Holmgren told the media on Friday that he's already considered that, having called all 29 teams, presumably about any defensemen they might have available.

But that's for then. Right now, the Flyers are making due without him or their budding superstar center Claude Giroux (or simply G, as they team calls him). It doesn't seem like it will be a long shelving for Giroux, but you never can know, concussions tend to be pretty fickle.

In the only games the Flyers have played without either player, they have won. Despite missing their leading scorer and a point-producing defenseman, Philly has still averaged 4.5 goals in the two games without Giroux and Pronger.

But now a real test comes to see how they compare with the other beats of the East without the two stars.

The Boston Bruins are nipping on the Flyers' heels for the best record in the Eastern Conference and they, too, have been playing without arguably their best player (skaters-only division) in Zdeno Chara. But the big man might be back in time for the Saturday matinee in Philadelphia.

"We're going to give him a chance to fly and see how he feels," Bruins coach Claude Julien said. "If he feels good then we have a chance of seeing him."

Normally I'd lament this game being played without Giroux, Pronger and possibly Chara. But with the way both of them, the Flyers in particular, have played without the all-stars, I don't see it stopping what will likely still be a very good game.

Winnipeg welcome wagon rolls on

This first season with the Jets back in the NHL has been an ongoing welcome wagon for the folks in Manitoba. They were licking their chops at getting to see Ilya Bryzgalov, they relished the opportunity to see former Jet Shane Doan back in Winnipeg.

Now comes perhaps the best welcome/return of them all; Teemu Selanne.

The veteran once starred for the Jets before he was traded to the Anaheim Ducks. He has waited for the chance to go back and play in the first NHL city he called home. Now it comes on Saturday night.

"You know, even when the schedule came out, even when I didn't know if I was going to play or not, I checked right away if we were going to Winnipeg," Selanne said. "That day was on my calendar right away.

"I knew there were two really special things. Obviously the Finland trip and then Winnipeg. It was really exciting to even think about it."

Unlike the welcomes fans in Winnipeg gave to Bryzgalov and, to an extent, Doan, it's hard to imagine there will be any jeers, only cheers for Selanne.

"He was so admired. It was overwhelming," Jets chairman Mark Chipman said of Selanne. "This guy was so good and so approachable and so humble in his approach that the community just absolutely fell head over heels for the guy."

Amazingly, Selanne is still performing at the level he was when he first broke into the NHL with the Jets in the early 90s. That's only going to help the flashbacks for the fans -- minus that whole wearing the Ducks jersey part.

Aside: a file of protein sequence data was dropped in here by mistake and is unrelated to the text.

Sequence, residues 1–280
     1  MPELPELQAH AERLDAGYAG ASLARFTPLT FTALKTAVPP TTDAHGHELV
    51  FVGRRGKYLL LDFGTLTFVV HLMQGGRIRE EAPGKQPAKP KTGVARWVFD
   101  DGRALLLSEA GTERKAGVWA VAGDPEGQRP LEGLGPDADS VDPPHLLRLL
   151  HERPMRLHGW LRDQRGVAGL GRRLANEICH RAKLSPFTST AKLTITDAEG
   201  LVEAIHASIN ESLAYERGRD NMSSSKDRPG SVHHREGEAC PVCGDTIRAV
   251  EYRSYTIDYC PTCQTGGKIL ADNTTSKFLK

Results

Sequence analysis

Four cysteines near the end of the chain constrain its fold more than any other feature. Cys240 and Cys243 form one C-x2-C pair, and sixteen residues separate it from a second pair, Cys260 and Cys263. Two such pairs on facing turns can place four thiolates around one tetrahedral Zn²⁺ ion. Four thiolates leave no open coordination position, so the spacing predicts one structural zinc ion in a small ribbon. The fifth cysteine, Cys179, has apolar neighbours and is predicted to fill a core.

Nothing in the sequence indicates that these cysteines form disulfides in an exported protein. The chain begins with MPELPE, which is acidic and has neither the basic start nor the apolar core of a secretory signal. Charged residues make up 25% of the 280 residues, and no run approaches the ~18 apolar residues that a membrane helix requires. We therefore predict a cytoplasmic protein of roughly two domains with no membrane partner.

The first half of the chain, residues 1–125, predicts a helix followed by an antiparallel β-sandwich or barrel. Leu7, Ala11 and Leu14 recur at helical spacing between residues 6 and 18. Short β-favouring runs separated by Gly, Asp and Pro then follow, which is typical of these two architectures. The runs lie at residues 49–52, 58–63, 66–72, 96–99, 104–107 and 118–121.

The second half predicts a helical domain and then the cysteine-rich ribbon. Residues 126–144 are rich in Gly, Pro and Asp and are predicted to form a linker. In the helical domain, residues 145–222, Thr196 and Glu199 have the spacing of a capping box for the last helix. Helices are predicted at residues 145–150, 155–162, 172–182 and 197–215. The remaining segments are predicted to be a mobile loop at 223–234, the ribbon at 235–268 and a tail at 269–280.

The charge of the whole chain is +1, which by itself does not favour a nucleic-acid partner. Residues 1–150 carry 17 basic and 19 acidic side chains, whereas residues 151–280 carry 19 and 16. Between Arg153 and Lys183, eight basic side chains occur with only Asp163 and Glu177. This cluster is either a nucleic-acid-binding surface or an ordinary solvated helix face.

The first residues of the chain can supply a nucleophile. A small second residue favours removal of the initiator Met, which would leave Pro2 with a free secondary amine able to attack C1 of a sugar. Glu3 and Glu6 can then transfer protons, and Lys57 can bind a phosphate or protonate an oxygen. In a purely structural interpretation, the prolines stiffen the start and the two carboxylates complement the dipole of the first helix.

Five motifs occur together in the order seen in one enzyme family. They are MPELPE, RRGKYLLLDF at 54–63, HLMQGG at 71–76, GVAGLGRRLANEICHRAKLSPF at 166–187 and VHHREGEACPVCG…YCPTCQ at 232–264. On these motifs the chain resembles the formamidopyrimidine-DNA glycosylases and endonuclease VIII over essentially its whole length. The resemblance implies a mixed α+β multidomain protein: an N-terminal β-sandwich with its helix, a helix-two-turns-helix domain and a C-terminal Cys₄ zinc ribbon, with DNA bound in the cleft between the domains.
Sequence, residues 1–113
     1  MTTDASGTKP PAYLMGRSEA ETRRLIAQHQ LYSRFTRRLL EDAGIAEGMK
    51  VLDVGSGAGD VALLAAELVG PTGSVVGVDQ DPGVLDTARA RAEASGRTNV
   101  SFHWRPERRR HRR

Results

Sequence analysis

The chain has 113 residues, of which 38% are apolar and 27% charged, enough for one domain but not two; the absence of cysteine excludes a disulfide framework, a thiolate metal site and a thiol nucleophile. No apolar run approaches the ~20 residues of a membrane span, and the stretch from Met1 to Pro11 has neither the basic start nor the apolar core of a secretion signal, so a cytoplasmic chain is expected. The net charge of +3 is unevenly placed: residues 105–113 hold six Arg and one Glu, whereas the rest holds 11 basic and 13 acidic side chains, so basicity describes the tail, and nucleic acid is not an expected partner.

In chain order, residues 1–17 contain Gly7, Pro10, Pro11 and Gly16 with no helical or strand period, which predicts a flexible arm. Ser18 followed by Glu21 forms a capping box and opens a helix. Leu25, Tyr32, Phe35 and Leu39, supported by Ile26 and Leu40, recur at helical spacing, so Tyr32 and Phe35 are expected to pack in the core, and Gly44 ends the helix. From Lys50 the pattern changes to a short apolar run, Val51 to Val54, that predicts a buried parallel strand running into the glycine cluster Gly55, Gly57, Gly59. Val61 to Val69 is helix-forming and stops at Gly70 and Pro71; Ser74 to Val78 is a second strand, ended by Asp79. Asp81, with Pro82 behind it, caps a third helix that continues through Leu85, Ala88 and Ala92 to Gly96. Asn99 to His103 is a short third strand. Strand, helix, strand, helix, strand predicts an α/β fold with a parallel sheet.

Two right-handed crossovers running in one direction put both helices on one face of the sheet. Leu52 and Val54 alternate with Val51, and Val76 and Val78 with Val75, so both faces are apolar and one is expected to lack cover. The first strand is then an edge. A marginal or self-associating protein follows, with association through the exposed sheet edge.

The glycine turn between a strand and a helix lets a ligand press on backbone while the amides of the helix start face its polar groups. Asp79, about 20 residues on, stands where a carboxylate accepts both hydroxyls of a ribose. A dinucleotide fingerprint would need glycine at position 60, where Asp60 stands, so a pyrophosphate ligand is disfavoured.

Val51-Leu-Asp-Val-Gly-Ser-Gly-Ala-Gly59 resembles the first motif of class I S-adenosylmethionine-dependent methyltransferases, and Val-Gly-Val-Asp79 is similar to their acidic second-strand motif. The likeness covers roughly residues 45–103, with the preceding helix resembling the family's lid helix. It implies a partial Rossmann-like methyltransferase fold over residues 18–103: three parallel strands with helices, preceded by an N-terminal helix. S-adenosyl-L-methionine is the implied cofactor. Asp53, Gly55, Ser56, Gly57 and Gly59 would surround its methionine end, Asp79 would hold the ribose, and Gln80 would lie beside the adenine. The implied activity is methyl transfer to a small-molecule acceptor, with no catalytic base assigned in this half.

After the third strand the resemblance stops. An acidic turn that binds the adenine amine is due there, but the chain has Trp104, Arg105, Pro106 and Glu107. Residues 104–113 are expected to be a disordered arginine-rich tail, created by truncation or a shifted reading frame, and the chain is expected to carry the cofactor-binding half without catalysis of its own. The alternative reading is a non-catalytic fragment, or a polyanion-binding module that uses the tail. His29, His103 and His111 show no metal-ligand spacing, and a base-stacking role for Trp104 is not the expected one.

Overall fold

Back in Buffalo

One of the more criticized offseason signings (excluding just about every move made by the Florida Panthers) was the Toronto Maple Leafs signing former Sabres center Tim Connolly. Leafs GM Brian Burke gave Connolly a two-year deal worth $4.75 million per season.

People in Buffalo laughed and simply said "Enjoy!" to their near-neighbors in Toronto. It wasn't about Connolly being a bad player -- he's not at all -- but it was about his health concerns. There always seemed to be something that was keeping Connolly on the bench.

So there's a sense of irony when the Maple Leafs visit the First Niagara Center this weekend. Connolly will be healthy and on the ice against his former team. Although he hasn't been without his health issues this season, when he's been on the ice, he's been good for Toronto. In 18 games played, he has 15 points.

On the other hand, the deal that Buffalo signed with Ville Leino was widely applauded. That one hasn't worked out so well.

Reunion tour continues

The Washington Capitals will be visiting the Colorado Avalanche this weekend. That means they will get to see their old goalie Semyon Varlamov up close and personal again.

Varlamov was traded to the Avs this summer after he made it clear that he was looking to play in the KHL over Washington. So Caps GM George McPhee swung a deal with the Avs to give them Varlamov in exchange for Colorado's first-round draft pick this offseason and their second-round pick.

So not only do the Caps get the chance to say hi to an old friend, but they can help themselves out in more ways than one. The points in the standings are the first and most obvious way, but every game without points for the Avs helps the Caps' first-round draft pick go higher and higher.

Although it's quieted down with Varlamov coming back down to earth, when he and the Avalanche were off to their hot starts, some in Washington wondered if the team made the wrong goalie decision. There might still be some questions considering the duo of Tomas Vokoun and Michal Neuvirth hasn't fared much better, if at all. But at least Neuvirth comes into the game having just shut out the Jets in Winnipeg, so there might be some positive momentum building. The goaltending problems have been as much an issue as anything in D.C. this season.

Canucks are still great

In fact, according to Roberto Luongo they are better than they were last season, which was great.

"We were one win away, so I don't think you need to change much," Luongo said. "That being said, though, we went through a lot last year, and I think we grew as a team. So for that reason alone, I think that we're better than last year."